Also, don’t miss to visit the Museum of Miniatures and Microminiatures which has an exhibition of scenes from the 19th century. Some of the miniatures are so detailed that you need a microscope to see them.
Part of the joy of traveling around Andalucía is the seemingly endless supply of “pueblos blancos“ (“white towns”, named for the uniform color of the houses). While there are many that exhibit the Moorish architecture and labyrinthine streets that make the region so popular among tourists, there’s something extra special about Ronda – its location. Set high in the mountains, on the edge of a 400-foot cliff, the views of the valley below are stunning and the three bridges that span the canyon are mind-boggling feats of engineering.
If you are interested in learning a bit more about this town check this: https://www.cntraveler.com/stories/2015-06-01/maphead-ken-jennings-spanish-town-residents-live-under-rock
This small town of merely 3000 residents has a palace which could stand side by side to some of the world-known palaces. We’re talking about the Palace of the Kings of Navarre of Olite which is actually a fortification and it consists of three main parts: the Old Palace, the New Palace and the church of Santa María la Real. The fairytale-like design of the palace is what makes it so special – it’s because the palace wasn’t built all at once, but it is actually a result of expansions throughout the centuries.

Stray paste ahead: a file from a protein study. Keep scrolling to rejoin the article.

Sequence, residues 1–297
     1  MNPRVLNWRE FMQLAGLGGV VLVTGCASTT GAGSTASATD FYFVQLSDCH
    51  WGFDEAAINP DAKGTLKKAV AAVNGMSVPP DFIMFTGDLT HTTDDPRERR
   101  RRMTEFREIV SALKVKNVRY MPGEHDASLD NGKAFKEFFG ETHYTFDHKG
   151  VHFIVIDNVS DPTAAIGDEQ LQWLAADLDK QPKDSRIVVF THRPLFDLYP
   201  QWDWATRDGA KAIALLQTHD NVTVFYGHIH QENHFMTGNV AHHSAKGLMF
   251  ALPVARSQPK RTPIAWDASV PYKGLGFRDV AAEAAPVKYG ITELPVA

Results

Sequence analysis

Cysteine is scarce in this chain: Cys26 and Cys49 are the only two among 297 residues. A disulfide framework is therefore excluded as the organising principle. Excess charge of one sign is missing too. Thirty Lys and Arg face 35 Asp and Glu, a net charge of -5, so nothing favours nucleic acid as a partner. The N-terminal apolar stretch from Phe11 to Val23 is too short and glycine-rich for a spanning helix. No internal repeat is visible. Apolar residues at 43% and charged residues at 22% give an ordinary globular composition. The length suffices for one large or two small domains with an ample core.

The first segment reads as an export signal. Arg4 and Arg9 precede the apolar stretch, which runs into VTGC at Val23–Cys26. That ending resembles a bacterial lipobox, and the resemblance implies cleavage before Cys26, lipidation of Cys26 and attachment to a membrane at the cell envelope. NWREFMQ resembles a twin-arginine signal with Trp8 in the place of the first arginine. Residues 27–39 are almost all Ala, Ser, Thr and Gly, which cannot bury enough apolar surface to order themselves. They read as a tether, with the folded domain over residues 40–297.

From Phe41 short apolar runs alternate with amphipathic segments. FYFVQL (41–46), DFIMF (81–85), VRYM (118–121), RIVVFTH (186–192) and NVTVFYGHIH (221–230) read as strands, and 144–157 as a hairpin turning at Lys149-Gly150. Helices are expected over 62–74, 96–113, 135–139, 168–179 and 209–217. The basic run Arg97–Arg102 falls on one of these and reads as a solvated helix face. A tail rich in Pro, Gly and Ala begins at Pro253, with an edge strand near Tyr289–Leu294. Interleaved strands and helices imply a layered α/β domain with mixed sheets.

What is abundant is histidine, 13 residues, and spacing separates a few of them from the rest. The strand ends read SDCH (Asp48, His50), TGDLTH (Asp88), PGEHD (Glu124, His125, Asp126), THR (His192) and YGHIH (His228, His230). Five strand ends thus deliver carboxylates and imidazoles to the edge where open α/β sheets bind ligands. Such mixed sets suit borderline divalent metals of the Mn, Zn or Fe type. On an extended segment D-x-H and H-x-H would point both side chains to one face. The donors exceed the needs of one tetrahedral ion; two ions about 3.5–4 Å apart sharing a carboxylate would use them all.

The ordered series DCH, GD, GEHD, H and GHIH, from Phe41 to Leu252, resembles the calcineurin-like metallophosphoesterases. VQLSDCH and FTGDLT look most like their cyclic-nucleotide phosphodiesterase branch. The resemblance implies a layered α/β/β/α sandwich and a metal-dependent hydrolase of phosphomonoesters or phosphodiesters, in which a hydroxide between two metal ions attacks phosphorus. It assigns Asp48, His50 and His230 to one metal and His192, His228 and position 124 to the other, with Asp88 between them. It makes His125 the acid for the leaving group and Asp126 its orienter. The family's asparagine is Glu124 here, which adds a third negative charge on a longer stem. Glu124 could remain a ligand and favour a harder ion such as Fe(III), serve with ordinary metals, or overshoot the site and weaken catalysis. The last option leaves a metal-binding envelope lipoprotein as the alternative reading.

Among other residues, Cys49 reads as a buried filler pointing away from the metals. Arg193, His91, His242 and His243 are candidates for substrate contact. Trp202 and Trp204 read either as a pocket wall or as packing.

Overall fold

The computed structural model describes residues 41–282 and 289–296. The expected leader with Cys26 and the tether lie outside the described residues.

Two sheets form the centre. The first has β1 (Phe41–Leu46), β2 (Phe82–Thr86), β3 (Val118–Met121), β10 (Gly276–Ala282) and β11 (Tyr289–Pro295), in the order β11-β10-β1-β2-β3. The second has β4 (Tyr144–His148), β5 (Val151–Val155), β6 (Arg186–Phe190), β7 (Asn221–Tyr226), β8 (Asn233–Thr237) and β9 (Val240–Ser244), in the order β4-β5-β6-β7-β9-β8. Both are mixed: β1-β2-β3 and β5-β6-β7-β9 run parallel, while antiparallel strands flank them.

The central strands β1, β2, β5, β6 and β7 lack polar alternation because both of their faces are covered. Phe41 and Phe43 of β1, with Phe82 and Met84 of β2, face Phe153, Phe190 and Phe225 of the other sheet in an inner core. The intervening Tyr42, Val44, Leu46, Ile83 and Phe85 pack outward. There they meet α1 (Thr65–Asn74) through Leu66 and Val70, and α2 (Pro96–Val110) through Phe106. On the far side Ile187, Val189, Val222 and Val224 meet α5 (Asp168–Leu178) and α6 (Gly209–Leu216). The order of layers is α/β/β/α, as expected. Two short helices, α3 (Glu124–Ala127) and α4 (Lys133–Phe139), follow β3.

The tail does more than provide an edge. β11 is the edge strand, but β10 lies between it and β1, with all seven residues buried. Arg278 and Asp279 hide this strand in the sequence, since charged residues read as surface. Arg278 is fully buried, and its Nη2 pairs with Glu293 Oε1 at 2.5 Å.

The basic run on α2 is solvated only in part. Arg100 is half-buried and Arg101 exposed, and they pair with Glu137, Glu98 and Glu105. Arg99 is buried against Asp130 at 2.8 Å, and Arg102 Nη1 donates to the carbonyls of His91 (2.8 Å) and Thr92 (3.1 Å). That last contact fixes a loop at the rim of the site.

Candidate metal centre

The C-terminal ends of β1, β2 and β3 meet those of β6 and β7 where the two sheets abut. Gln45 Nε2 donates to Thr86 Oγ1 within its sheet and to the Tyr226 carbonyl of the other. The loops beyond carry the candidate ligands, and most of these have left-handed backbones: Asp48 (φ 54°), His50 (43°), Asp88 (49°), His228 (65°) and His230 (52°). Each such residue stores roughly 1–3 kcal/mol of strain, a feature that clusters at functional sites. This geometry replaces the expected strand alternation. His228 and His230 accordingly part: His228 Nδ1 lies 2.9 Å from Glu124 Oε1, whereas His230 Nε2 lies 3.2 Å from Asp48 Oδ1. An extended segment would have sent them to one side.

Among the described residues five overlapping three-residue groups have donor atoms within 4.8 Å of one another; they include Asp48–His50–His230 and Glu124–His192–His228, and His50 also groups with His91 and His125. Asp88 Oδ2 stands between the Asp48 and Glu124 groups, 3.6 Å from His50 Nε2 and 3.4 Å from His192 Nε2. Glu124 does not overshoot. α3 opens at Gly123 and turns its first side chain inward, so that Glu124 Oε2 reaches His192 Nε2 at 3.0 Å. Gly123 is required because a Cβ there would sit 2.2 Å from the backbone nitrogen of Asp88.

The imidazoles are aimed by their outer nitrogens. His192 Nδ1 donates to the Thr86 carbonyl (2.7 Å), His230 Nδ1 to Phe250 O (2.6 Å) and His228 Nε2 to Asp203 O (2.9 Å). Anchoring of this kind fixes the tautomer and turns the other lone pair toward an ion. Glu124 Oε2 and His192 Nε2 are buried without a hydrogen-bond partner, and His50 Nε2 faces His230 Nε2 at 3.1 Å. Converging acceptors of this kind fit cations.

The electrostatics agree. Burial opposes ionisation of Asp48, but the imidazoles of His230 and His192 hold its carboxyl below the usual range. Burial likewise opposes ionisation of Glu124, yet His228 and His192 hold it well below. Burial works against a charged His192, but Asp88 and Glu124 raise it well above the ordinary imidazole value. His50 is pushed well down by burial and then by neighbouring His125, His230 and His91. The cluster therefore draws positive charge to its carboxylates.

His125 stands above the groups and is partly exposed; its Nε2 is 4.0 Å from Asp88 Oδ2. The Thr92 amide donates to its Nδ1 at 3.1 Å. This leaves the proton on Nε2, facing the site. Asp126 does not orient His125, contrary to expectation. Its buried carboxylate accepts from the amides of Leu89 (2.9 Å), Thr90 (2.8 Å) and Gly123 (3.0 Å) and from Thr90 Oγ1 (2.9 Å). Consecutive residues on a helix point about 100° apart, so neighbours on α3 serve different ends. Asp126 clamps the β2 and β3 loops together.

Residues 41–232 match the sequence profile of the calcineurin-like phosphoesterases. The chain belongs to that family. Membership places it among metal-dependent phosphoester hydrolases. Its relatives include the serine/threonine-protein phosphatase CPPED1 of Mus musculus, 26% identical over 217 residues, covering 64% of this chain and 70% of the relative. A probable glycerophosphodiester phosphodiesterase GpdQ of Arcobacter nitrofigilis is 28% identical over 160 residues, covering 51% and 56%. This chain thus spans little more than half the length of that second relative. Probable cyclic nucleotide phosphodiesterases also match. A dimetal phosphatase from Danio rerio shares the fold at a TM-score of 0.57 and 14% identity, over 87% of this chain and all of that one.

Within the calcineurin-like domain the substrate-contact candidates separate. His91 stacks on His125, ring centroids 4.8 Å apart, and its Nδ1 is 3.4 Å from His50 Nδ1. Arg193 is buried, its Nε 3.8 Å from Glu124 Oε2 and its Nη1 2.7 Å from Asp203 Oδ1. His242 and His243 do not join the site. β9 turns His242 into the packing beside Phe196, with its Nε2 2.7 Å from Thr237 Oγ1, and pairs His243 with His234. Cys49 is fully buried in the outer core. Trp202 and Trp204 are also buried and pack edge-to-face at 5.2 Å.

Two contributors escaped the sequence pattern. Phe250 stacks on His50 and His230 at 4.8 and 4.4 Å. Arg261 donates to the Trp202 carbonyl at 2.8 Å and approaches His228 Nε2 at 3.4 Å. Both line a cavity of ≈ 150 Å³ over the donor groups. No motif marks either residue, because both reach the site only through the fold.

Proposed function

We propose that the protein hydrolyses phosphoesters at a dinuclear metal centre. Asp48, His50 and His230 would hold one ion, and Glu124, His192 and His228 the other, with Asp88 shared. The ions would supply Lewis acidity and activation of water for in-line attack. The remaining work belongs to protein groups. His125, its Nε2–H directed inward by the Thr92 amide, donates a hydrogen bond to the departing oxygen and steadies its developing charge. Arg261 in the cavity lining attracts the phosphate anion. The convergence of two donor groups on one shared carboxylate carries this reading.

The mild Mediterranean climate has also made Olite the capital of Spanish wine, so make sure you sign up for a wine tasting tour and give your palates an unforgettable experience!
On the northeast coast of the island of Mallorca sites the town of Sóller and its port. It is connected with the capital Palma through a historic 1912 train, which passes through Orange and lemon orchards and olive-tree hills on its one-hour ride. The town square, with its imposing church, trees, open-air cafés and mountain backdrop, is one of the most beautiful of the island. The port of Sóller has an almost-circular shore where you can soak up the sun while the aroma of the Orange blossoms that mixes with the sea scent. Catch-of-the-day grilled fish with garlic sauce and freshly squeezed orange juice from the local production are the town’s gastronomic delicacies.